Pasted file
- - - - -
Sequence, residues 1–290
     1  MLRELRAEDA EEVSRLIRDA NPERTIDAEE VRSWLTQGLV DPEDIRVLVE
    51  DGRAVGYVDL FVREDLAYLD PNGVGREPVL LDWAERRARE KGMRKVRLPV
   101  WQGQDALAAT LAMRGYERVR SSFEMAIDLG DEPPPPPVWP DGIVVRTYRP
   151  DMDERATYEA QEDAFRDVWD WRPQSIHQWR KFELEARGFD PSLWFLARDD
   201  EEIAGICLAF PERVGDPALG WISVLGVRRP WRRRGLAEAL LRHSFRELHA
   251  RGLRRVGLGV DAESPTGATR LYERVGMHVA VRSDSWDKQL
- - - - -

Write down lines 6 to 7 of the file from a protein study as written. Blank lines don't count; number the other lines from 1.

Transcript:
   201  EEIAGICLAF PERVGDPALG WISVLGVRRP WRRRGLAEAL LRHSFRELHA
   251  RGLRRVGLGV DAESPTGATR LYERVGMHVA VRSDSWDKQL